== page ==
thank you for adding to this thread, since some continue to disingenuously raise concerns bout Iowa.

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Debi Donating Member (1000+ posts) Send PM | Profile | Ignore Sat Dec-15-07 04:50 PM
Response to Reply #34
42. Lil Dog?
:rofl:

You are naughty :spank:

It's interesting to note that it's those supporters who continue to wish to find ways around the law. The supporters of other candidates seem to accept that Iowa is clean and fair and that people who participate here WANT to obey the laws. Funny that.
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DURHAM D Donating Member (1000+ posts) Send PM | Profile | Ignore Sat Dec-15-07 12:17 PM
Response to Reply #32
35. Everything I have been able to find about
double voting relates to "same day" voting.

Have you found a federal law specific to the rolling primary issue?

I am not being argumentative. I very much appreciate all of the information that you have previously posted about this issue.

It just seems to me that voting is tied to legal registration and the double primary double question is a gray area in the law.
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Debi Donating Member (1000+ posts) Send PM | Profile | Ignore Sat Dec-15-07 04:46 PM
Response to Reply #35
41. Sorry, I cannot cite any particular law
maybe it is only an implied position or the idea has been set?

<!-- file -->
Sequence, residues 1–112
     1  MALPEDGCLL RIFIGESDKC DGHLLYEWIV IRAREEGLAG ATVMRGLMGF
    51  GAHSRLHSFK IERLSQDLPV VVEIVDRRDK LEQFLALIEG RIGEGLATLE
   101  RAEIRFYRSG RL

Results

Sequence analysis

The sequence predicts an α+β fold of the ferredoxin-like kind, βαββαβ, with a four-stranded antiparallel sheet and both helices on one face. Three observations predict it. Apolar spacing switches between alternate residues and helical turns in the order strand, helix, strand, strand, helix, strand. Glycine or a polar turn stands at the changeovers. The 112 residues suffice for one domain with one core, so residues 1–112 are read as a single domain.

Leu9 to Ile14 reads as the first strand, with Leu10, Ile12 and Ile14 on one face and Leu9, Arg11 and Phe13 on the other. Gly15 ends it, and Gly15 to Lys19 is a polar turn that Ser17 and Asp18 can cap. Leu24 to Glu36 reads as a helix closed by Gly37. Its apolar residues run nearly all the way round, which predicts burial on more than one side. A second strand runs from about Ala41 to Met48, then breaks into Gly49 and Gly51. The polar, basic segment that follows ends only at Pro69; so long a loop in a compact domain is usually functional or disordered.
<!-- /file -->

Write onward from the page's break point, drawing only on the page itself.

It would take a review of all 50 state laws to determine if any would allow voting in a primary election where the voter has already participated in a previous selection process for the same position. (if you can find me a state that encourages voter fraud I will be very surprised).

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Lucinda Donating Member (1000+ posts) Send PM | Profile | Ignore Fri Dec-14-07 02:43 PM
Response to Original message
10. As long as they only vote once, I don't care where they do it.
x2
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Bitwit1234 Donating Member (1000+ posts) Send PM | Profile | Ignore Fri Dec-14-07 03:06 PM
Response to Original message
13. Yes, but only if the aren't allowed to vote in their home state
no one should be able to vote twice.
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Xithras Donating Member (1000+ posts) Send PM | Profile | Ignore Fri Dec-14-07 03:30 PM
Response to Original message
15. I say no.
If I live in California but have a vacation home in Oregon, my voting should be limited to California no matter HOW much time I spend in my vacation home. Why? Because I'm ultimately still only a visitor in Oregon. When all is said and done, I always return to my HOME in California at the end of the day. As a Californian, I should not have the right to interject my opinions into Oregon politics simply because I have the financial resources to afford a second residence there. Similarly, a Texas resident should not have the right to interject his vote into Iowa politics simply because his parents have the financial resources to send him to school in Iowa.